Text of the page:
Tuesday, October 16, 2007
Jack Kerouac was born on March 12, 1922 in Lowell, Massachusetts. As the author of the infamous novel, On the Road, Kerouac became a leader and a spokesperson for the Beat Movement.
He was educated at Columbia University and the novel, On the Road - a semi-autobiographical tome of prose - exemplified the carefree, Beat lifestyle. The main character in this story hitchhikes across the country with his friend Dean Moriarty (inspired by fellow Beat adventurer, Neal Cassady) and enjoys casual friendships, love affairs and experiences. The non-materialistic lifestyles of the protagonists were embraced by many readers and helped propel Kerouac's status into an almost mythical realm.
He learned English as a second language: his parents were French-Canadian. He also spent some time in the Navy where he was then discharged due to possessing a schizoid personality. Soon after, he became a merchant seaman and then decided on the life of a vagabond, from which he obtained inspiration for his later novels.
His first book was published in 1950 and titled The Town and the City. It is said that Kerouac struggled with conformity and rejected the then contemporary fictional standards. On the Road was written in less than three weeks and demonstrated a fresh style. This new writing was spontaneous and seemed to be at times unedited. It possessed a strange energy that shocked more established writers but only brought Kerouac well-deserved recognition.
Friday, October 12, 2007
I've long admired his cocky attitude and herky-jerky movements, the epitome of rough and tumble manhood. Cagney's energetic acting style with staccato delivery and raspy voice became synonymous with the Hollywood "tough guy" role. Will Rogers once said of him, "Every time I see him work, it looks to me like a bunch of firecrackers going off all at once." He was a Warner Brothers mainstay for many years as the studio was setting the standard for crime drama (gangster flicks). He made 38 films for Warners between 1930 and 1941. However, Mr. Cagney was not content to play just one kind of part and proved his versatility by portraying George M. Cohan in the musical Yankee Doodle Dandy, for which he won a well deserved Oscar for his singing and dancing, as well as his acting. He also was a great light comedian in such films as The Strawberry Blonde and The Bride Came C.O.D..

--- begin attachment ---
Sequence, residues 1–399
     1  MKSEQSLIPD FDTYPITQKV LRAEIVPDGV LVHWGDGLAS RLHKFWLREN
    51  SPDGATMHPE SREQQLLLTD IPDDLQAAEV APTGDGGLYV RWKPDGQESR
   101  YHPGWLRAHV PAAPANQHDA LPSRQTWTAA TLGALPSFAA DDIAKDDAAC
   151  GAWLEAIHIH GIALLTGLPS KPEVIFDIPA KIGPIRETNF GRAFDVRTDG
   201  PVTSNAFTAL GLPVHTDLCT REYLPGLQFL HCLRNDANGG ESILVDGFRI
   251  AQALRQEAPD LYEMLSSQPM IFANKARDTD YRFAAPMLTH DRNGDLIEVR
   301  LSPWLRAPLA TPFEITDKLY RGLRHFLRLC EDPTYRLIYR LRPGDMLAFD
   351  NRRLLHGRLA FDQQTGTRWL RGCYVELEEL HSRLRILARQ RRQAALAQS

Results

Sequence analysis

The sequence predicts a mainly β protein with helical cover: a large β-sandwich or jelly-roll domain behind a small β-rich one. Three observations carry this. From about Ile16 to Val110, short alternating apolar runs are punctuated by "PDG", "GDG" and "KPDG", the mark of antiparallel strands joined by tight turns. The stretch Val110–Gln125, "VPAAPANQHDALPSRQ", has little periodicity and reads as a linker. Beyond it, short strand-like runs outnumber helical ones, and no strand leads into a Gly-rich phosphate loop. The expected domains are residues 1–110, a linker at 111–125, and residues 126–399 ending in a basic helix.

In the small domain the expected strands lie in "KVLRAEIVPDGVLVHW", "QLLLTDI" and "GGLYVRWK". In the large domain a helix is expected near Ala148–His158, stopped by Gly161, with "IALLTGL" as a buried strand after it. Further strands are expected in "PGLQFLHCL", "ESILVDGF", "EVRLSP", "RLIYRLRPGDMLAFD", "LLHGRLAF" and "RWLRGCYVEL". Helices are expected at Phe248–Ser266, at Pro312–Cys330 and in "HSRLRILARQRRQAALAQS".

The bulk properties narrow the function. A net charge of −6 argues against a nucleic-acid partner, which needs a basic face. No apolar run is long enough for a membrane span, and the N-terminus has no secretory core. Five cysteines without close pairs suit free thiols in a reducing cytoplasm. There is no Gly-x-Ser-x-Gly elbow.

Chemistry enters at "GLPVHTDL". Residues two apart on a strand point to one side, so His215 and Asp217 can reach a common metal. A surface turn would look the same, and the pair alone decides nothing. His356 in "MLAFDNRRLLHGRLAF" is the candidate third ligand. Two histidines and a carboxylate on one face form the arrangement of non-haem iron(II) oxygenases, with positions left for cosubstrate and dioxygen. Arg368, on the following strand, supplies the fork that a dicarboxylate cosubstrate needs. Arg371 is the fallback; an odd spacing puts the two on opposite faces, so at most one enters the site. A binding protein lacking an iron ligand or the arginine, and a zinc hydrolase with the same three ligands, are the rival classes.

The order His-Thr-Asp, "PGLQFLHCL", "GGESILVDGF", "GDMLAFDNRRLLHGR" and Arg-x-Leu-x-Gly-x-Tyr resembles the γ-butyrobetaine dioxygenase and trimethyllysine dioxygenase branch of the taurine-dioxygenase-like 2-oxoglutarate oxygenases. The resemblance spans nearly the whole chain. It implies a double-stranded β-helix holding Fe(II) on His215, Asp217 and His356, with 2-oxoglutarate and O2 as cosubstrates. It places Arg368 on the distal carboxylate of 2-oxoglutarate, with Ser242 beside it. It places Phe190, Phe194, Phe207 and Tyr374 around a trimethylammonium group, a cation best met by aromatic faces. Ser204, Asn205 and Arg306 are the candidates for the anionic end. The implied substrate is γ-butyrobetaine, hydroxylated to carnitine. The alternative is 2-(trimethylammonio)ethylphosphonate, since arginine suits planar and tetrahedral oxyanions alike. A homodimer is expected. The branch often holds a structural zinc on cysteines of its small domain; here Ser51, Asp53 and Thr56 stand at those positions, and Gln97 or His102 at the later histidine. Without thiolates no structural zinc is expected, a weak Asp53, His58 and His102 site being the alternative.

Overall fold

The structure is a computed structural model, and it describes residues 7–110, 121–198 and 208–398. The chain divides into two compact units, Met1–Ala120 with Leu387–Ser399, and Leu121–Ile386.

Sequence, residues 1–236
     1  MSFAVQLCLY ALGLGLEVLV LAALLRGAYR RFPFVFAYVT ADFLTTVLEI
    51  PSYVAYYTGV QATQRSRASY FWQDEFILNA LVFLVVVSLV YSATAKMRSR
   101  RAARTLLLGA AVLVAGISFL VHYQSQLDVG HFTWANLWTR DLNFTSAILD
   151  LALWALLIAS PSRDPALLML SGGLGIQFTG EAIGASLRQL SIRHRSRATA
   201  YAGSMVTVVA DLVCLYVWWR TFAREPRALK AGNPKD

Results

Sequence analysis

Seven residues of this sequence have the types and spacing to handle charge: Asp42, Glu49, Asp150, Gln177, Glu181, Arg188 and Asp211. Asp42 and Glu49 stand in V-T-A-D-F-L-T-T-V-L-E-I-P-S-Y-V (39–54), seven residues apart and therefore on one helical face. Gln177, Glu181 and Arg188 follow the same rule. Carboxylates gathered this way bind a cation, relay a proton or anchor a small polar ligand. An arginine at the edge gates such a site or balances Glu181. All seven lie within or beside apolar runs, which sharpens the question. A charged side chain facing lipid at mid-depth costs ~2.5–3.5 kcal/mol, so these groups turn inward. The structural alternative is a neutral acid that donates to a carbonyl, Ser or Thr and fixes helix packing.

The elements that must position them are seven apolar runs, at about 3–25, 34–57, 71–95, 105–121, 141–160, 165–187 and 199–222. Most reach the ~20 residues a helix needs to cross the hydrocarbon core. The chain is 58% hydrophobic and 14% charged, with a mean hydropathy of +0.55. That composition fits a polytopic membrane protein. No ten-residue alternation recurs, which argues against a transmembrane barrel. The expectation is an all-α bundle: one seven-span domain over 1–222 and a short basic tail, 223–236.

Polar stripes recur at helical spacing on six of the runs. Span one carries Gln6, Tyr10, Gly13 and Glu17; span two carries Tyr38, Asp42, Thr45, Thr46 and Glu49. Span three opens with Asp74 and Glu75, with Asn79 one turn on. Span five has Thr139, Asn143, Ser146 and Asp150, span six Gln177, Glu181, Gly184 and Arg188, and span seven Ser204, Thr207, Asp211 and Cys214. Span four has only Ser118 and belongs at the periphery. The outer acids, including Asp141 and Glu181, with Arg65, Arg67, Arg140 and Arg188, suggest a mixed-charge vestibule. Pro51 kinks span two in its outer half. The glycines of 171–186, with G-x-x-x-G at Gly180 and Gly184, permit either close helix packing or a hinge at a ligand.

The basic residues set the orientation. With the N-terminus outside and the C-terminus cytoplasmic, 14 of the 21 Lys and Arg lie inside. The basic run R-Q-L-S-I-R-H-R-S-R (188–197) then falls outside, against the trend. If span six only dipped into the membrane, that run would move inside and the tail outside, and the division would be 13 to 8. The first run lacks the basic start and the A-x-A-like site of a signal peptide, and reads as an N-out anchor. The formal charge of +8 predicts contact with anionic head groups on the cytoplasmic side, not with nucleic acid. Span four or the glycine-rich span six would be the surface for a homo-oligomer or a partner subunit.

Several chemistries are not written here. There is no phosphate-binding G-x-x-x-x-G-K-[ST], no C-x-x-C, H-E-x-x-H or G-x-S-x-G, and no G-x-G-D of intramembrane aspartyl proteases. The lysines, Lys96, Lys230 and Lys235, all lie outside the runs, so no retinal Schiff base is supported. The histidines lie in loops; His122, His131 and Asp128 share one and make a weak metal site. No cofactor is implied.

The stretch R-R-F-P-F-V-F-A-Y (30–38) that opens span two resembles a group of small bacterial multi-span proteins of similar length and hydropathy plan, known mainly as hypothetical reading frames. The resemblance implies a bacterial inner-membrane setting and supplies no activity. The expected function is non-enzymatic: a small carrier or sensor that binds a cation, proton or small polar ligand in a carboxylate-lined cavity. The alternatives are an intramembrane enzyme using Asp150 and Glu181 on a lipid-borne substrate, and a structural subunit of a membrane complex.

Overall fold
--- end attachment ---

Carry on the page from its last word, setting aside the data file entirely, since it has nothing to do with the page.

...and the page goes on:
James Francis Cagney, Jr., born on July 17, 1899, was the child of an Irish father and Norwegian mother and was raised on New York's Lower Eastside. He did many odd jobs to support his family. He worked as a waiter, poolroom racker, and even as a female impersonator. He joined the chorus of the Broadway show Pitter-Patter and did a vaudeville tour with Frances, his wife. In the mid 1920's Cagney had begun to play leads on Broadway. He was quite successful in the musical Penny Arcade and was cast in the renamed film version Sinner's Holiday. He was signed to a contract by Warner Brothers and his role as Tom Powers in The Public Enemy made him a star. He went on to star in such classics as Angels With Dirty Faces, The Roaring Twenties, White Heat, Love Me or Leave Me and Man of a Thousand Faces. He directed 1957's Short Cut to Hell. Cagney retired in 1961 after making the farce One, Two, Three. He received the AFI's Life Achievement Award in 1974, was honored by the Kennedy Center in 1980, and in 1984 received the United States government's highest civilian honor, the Medal of Freedom. His autobiography Cagney on Cagney was published in 1975. He made a big screen comeback in 1981's Ragtime and starred in the small screen movie "Terrible Joe Moran" in 1984. He died of a heart attack on his farm in upstate New York on March 30, 1986. President Ronald Reagan delivered the eulogy at his funeral and said, "America lost one of her finest artists".
Tuesday, October 2, 2007
Mr. Moto was a mild-mannered, Japanese detective that was the basis for a series of eight films (1937-39) by Twentieth Century-Fox from the stories of novelist John P. Marquand. Peter Lorre portrays Kentaro Moto (I.A. Moto in Marquand's novels), who was very much unlike Charlie Chan in that he was the master of disguises and physically more active, often using ju-jistsu.
It is seldom clear for whom Moto really works. Perhaps it is the International Police. In the first two films, he refers to himself an importer. When asked if he is a detective in the film Think Fast, Mr. Moto, he replies that it done only as a hobby. On other occasions, Moto claims to be a confidential investigator for the International Association of Importers, a member of the International Police, a college lecturer in criminology, and a managing director of the Dai Nippon Trading Company, which probably serves as a front for his activities with the International Police. However, in The Return of Mr. Moto, it is clear that Moto works for Interpol. In the novels, he is a Japanese agent in the service of the Emperor.
Many of the actors and crew members who were associated with the Charlie Chan series at Twentieth Century-Fox were also involved with the Mr. Moto films. Most notable of the actors and actresses were Thomas Beck, Harold Huber, Erik Rhodes, Virginia Field, Murray Kinnell, and Lionel Atwill. Even Keye Luke, who had already appeared as Number One son Lee Chan in eight films with Warner Oland, reprised his role as Lee Chan in Mr. Moto's Gamble (1938), much of which was salvaged from Charlie Chan at the Ringside, a 1938 movie project that never was completed.
The following are the eight Mr. Moto films with Peter Lorre:
* Think Fast, Mr. Moto (1937)
* Thank You, Mr. Moto (1937)
* Mr. Moto's Gamble (1937)
* Mr. Moto Takes a Chance (1938)
* Mysterious Mr. Moto (1938)
* Mr. Moto's Last Warning (1939)
* Danger Island (1939)
* Mr. Moto Takes a Vacation (1939)